Like most of the clients we serve here at the Center, the Lovings were regular people who never intended to become civil rights activists.  They simply wanted to live their lives together in the place they chose to call home.  But thanks to their courage and persistence, they not only won the right to move back home to Virginia, but ensured that no other family in America would face the same kind of discrimination – at least not legally – again.  It seemed quite fitting to name our annual civil rights award after them.

Learn more about the Lovings in the Oscar-nominated 2016 feature film or the 2012 documentary by 2014 Loving honoree, Susie Ruth Powell.

 

Two women smiling, holding a length of raffle tickets

Be sure to get your House of Wine tickets at the dinner!

Where does my money go?

All proceeds from the Loving Award Dinner benefit the Center’s work to ensure that all people have equal access to housing opportunities in Connecticut, free from discrimination.  When you register for the dinner, bid on our live auction items (more on those in a minute), buy a roll of tickets for a chance to win our House of Wine ($20 gets you an arm’s length of tickets to win 50 bottles!), or donate in other ways throughout the night, you’re helping us to:

  • Provide information and free legal assistance to over 1,100 Connecticut residents each year facing housing discrimination or home foreclosure – people like Towanna, Natalie, Charles, Mavis, and so many others.   We continue to see housing discrimination against people with disabilities, people of color, families with children, people with housing vouchers, and other protected groups every day, in every corner of the state.  CT’s foreclosure rate remains in the top 10 in the country.
  • Conduct research, testing, and analysis to assess systemic barriers to fair housing in Connecticut’s housing markets, and we challenge those barriers when we uncover them.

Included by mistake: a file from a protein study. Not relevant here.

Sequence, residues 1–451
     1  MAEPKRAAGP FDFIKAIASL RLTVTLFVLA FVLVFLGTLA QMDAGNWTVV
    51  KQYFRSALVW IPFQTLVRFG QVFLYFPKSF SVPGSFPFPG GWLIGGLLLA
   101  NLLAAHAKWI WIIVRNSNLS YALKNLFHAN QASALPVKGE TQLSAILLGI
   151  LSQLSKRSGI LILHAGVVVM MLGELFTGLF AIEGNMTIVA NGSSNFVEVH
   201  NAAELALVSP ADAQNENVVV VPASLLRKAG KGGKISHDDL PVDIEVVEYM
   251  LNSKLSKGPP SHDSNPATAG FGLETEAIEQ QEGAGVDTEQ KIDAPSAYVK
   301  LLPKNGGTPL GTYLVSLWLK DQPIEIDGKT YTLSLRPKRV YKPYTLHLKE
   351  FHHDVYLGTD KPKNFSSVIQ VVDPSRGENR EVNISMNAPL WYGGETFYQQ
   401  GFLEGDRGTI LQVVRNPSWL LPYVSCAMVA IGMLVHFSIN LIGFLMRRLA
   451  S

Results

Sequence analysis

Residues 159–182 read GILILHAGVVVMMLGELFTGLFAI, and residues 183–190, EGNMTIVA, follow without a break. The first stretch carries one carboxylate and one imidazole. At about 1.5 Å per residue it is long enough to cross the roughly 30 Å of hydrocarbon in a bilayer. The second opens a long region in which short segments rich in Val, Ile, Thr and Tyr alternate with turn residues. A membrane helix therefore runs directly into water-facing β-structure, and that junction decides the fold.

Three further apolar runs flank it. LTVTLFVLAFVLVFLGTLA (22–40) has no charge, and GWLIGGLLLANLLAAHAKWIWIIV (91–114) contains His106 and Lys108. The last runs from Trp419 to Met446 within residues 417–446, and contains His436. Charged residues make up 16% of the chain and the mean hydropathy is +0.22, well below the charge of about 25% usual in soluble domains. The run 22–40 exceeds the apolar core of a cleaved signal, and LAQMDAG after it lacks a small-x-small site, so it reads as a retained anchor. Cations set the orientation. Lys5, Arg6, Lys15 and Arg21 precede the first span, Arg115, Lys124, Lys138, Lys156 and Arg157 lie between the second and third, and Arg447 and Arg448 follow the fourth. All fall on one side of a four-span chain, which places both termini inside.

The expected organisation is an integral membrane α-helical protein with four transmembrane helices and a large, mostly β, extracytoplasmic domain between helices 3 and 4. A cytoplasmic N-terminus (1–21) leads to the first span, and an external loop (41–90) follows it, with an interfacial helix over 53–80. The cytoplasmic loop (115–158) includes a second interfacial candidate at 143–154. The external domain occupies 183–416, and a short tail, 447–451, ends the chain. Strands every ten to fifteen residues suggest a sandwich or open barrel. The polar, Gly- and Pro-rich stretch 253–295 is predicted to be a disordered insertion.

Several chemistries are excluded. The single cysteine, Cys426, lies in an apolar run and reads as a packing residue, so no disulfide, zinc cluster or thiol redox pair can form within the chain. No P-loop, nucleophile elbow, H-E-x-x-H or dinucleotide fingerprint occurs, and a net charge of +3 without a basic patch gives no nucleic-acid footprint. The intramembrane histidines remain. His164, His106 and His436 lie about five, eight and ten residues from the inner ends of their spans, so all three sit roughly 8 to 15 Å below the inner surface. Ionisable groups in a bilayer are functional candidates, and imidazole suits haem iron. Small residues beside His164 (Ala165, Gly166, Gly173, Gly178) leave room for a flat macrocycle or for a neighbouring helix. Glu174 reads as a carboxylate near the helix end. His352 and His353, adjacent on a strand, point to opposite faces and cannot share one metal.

• Provide education and outreach on the fair housing laws to thousands of residents, housing providers, social service providers, and others, and organize foreclosure prevention clinics statewide.
  • Advocate for policies and practices that protect equal access to housing, defend homeowners’ rights, and promote integrated, inclusive communities.

 

Two women hold bid numbers in the air at an auction.

What will you bid on this year?

What will I see in this year’s auction?

If you’ve attended in past years, you’ll find a mix of old favorites and new items to bid on!   Here are just a few:

  • Winner’s Choice – Authentic Mexican Dinner for 8 in Your Home *OR* Mexican Cooking Class in Your Kitchen!
  • Family ticket pack to Hershey Park + $250 gift card towards your lodging or meals!
  • Champagne Brunch in a Treehouse – a perennial favorite!
  • Family Fun packages – sporting events, museum memberships, ski passes, and more!
  • Local Theater & Dinner Packages
  • And more unique and fun items!

Plus, don’t forget about our famous House of Wine – a chance to win a hand-selected mix of 50 reds and whites, enough to stock your wine cellar (everyone has one of those, right?) for a year… or maybe just for the summer – we won’t judge.

 

Who’s being honored this year?

Betsy Julian

Betsy Julian, 2018 Loving Award honoree

This year, we’re commemorating the 50th anniversary of the Fair Housing Act.   Because this work is far from over, our 2018 honorees are continuing the fight for fair housing today.